In 1714, an Englishman called Bernard Mandeville published his poem entitled “The Fable of the Bees: or Private Vices, Public Benefits”. The satire was about a hive of prosperous bees that were living a life of luxury. One day, some of the bees began to grumble that their lifestyle lacked virtue and the bees subsequently turn away from greed and extravagance. This leads to a rapid loss of prosp…Read the article
An overriding theme for U.S. high yield energy companies in the current oil price environment is having sufficient financial liquidity (cash, bank credit, etc.) to cover their obligations as earnings come under pressure due to low oil prices. Maintaining liquidity until oil prices recover will be paramount for energy companies to survive, even for those names that aren’t especially levered. It …Read the article
Diane Coyle came in to talk about her study of the history of Gross Domestic Product a couple of weeks ago. You can watch a short interview we did with her here. We also offered you a chance to win a copy of her book, and we had over 60 correct answers to this question: he’s regarded as one of the creators of modern GDP statistics, but in 1934 he told Congress that “the welfare of a nation can …Read the article
The rapid growth of the hybrid corporate capital market (non-financial) over the last few years has provided fixed income investors with an opportunity to access a quasi-equity income stream. Much like equities, hybrid bonds are perpetual in nature (though an option to call exists), and allow the issuer a degree of discretion over coupon payments. And, whilst they rank ahead of common equity in…Read the article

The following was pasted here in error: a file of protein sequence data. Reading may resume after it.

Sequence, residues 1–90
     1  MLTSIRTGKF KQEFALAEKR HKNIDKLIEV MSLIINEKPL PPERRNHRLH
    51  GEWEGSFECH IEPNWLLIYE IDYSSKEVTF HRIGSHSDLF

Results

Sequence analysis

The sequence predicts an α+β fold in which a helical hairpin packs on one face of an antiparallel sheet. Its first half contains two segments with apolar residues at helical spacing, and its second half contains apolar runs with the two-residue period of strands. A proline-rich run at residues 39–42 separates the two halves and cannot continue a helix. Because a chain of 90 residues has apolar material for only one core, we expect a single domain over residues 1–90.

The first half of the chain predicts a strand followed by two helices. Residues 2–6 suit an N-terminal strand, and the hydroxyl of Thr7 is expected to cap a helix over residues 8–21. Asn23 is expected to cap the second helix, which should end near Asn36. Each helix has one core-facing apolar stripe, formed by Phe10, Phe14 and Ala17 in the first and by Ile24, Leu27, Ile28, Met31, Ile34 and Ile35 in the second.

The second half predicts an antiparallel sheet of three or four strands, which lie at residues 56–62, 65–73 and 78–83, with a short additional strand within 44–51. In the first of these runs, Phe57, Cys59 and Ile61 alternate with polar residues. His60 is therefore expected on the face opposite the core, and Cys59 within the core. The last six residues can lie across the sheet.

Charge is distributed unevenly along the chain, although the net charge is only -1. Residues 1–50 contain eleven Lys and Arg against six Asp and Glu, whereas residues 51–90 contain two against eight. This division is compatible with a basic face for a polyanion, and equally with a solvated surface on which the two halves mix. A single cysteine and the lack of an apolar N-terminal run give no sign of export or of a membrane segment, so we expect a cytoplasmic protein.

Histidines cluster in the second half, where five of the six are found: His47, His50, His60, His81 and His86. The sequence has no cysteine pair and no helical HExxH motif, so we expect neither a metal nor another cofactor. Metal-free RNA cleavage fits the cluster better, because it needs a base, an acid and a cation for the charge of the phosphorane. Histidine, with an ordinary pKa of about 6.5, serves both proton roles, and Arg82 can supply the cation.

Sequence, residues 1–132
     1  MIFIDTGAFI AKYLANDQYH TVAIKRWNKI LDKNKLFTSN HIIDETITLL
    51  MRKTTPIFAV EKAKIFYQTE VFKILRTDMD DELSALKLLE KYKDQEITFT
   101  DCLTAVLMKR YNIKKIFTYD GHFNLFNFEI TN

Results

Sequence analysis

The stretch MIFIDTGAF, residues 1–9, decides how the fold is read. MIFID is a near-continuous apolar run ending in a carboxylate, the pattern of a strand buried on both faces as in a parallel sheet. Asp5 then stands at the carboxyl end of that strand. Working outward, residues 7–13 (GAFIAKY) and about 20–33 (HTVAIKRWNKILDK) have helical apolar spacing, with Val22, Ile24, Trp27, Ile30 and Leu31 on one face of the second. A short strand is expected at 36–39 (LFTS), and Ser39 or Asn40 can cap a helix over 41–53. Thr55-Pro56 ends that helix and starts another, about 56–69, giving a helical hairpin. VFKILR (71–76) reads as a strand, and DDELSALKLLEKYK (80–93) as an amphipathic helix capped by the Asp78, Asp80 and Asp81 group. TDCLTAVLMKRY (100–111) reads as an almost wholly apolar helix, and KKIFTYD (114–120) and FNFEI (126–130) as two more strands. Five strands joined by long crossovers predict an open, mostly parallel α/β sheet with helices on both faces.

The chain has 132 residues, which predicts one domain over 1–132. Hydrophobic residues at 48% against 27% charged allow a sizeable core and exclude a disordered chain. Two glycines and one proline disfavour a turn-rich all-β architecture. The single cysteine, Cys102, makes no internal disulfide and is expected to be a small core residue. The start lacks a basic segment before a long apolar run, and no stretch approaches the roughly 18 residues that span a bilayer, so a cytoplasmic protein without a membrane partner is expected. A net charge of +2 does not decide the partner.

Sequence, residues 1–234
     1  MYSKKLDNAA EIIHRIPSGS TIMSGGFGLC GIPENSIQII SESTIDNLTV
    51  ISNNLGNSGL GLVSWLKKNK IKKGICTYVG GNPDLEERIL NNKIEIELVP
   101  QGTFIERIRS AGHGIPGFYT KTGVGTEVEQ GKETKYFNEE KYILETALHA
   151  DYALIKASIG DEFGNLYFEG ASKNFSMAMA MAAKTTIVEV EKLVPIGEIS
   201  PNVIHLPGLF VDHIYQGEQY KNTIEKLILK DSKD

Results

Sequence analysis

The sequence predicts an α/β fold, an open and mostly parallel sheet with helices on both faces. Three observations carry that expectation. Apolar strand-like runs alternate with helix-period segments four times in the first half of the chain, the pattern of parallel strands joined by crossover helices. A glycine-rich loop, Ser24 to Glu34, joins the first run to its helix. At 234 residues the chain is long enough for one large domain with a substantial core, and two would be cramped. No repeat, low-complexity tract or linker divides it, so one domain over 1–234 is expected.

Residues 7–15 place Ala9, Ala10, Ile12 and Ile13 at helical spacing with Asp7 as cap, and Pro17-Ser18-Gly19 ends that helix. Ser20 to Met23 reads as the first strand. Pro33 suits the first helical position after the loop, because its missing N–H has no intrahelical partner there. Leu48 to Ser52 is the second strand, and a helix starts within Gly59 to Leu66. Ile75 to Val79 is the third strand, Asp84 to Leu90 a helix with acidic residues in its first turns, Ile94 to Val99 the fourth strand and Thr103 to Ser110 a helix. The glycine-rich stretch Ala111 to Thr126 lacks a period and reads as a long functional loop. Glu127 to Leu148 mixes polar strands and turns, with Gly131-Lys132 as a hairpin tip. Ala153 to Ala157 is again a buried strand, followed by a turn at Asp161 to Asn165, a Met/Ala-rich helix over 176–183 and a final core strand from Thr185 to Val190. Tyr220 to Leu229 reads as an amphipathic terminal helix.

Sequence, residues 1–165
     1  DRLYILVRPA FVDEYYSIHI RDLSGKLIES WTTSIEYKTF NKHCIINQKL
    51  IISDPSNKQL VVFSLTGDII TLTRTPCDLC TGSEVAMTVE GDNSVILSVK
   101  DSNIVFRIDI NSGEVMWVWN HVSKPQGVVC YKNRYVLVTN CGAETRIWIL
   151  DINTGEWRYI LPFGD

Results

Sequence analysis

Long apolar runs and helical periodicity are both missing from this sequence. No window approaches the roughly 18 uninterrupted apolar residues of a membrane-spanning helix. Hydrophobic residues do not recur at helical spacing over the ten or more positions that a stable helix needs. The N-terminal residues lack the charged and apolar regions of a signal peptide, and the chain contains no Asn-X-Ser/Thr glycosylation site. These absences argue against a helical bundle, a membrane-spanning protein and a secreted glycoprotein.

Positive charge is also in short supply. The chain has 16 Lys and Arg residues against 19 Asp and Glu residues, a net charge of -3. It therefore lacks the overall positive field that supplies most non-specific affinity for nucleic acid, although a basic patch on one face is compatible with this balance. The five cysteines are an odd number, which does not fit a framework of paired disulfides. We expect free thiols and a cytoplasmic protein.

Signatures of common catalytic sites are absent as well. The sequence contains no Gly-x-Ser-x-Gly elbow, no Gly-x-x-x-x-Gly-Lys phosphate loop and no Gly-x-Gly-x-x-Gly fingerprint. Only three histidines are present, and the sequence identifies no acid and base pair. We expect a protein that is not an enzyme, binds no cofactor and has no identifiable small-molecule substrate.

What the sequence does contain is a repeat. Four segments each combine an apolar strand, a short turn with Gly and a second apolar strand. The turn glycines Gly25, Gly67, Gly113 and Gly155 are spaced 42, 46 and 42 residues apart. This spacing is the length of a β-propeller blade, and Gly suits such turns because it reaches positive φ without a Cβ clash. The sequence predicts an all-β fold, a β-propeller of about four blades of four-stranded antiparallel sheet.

One of my favourite economic reads of 2014 was Diane Coyle’s book about an economic statistic – GDP. Whilst monarchs had been trying to take inventories of the national wealth since the Doomsday Book and earlier (so they could tax it!), the idea that you should rigorously measure economic activity is under one hundred years old. But the concept of Gross Domestic Product has now become central …Read the article
Matt’s and James’s recent blogs outlined some of the issues markets face when rates go negative. This is obviously no longer just a theoretical debate, but has real investment implications. Why do investors accept sub-zero rates when they can hold cash ?
To recap using Swiss Francs for example, it makes sense for a saver from a purely economic view not to deposit a Swiss Franc note into a negat…Read the article
Picture the scene: a meeting room, 40 floors up, plate glass floor-to-ceiling windows with views of central London in the background. At the polished mahogany table sits Hans Schmidt, the CFO of a major consumer global goods company. In walks Chad “Ace” Jefferson III, the latest in a long line of investment bankers assigned to cover his company. Behind Chad follows an entourage of five impeccab…Read the article